Inverness MLA seeks clarification on future of Visitor Information Centres

HALIFAX: A local MLA said he was comforted by responses he heard regarding Visitor Information Centres (VICs).

During question period in the provincial legislature on March 1, Inverness MLA Allan MacMaster asked tourism minister Geoff MacLellan about comments MacLellan made at a tourism conference in the fall regarding VICs. Specifically, MacMaster asked MacLellan about referring to the centres as “baby seals” and if MacLellan wants to close the centres.

Back in March of 2016, former Business Minister Mark Furey confirmed all six provincially-run VICs would remain open in their host communities, including Port Hastings, which ended weeks of speculation regarding the futures of the centres.

Although Furey said traffic at VICs decreased over the last decade as more travelers turn to on-line resources to plan their trips, he also told The Reporter at the time that Port Hastings was one of the VICs that enjoyed “a spike” in visitation during the 2015 season.

In his response to MacMaster last week, MacLellan said the data shows the centres are not utilized as much as they were in the past but residents want the centres to remain.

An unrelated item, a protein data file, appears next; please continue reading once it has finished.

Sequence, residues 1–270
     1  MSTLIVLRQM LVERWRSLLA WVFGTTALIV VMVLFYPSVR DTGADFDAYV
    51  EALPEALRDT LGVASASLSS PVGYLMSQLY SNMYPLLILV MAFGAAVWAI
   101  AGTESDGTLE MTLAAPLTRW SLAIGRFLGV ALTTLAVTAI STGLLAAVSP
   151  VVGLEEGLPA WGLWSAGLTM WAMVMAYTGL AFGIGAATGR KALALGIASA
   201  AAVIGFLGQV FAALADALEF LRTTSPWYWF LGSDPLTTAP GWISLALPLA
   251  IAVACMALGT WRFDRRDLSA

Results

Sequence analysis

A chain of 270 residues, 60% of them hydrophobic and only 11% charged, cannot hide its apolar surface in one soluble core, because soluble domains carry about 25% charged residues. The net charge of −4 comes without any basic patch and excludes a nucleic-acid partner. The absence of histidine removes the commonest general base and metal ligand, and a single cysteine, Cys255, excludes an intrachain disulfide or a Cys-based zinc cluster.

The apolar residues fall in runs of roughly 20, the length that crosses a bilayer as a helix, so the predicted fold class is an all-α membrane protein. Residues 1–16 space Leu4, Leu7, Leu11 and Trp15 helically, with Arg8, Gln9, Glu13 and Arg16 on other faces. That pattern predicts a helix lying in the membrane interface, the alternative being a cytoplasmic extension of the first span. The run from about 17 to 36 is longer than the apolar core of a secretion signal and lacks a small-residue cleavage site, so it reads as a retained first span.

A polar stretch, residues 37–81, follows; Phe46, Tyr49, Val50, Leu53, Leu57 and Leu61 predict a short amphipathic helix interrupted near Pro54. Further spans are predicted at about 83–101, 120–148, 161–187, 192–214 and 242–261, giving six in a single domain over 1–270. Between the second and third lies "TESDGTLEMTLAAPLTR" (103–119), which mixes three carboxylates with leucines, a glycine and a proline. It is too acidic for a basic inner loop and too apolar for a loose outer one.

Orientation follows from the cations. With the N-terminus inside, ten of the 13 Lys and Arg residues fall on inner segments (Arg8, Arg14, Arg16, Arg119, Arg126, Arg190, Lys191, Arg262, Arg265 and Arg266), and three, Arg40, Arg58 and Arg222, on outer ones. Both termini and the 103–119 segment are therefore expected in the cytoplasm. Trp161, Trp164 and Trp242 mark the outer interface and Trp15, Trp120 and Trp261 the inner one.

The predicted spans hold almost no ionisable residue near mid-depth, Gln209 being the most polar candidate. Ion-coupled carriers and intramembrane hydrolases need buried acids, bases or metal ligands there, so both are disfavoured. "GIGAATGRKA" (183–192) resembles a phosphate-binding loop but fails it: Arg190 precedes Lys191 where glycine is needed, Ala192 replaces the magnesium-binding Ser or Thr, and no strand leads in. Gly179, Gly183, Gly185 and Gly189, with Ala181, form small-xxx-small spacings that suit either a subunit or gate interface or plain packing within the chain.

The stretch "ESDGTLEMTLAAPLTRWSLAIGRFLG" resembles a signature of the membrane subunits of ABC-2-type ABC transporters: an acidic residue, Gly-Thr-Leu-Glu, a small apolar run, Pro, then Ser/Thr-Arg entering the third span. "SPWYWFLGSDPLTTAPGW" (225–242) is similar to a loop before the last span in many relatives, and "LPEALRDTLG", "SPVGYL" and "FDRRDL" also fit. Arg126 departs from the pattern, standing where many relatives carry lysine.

“If you look at all these sites across the province, Mr. Speaker, they really do have a different application, the one at the Causeway, the one in Amherst, the one in Yarmouth,” MacLellan said in the House of Assembly. “If you look at the different purposes, there is a varied usage for them. We just want to make the best of those, and we’re not giving up on those until we find the right model for Tourism Nova Scotia.”

MacMaster then asked if the centres will remain open, to which MacLellan said the centres are important to the communities they serve.

“For us, we are committed to finding a solution,” MacLellan stated. “I really believe that there is a hybrid model of private-sector operation there with information services, but also including some of the things that Taste of Nova Scotia would do.

“I do see a future,” MacLellan continued. “It may not look like it did in the past, but we know VICs are important to the communities in which they serve and we’ll make sure that we figure it out, take our time to do it right, and figure out the best model for each and every one of the VIC sites.”

Last Friday, MacMaster said MacLellan’s response gave him comfort.

“He responded [by] saying they may look at changes to them but he did say they would be keeping them open and I think that’s good,” said MacMaster. “When you have over 75,000 people stopping there for help and advice, it’s proof the customer wants the service and I know it’s helpful.”

MacMaster said he hopes MacLellan understands people value the VICs and don’t want to see anything happen to them.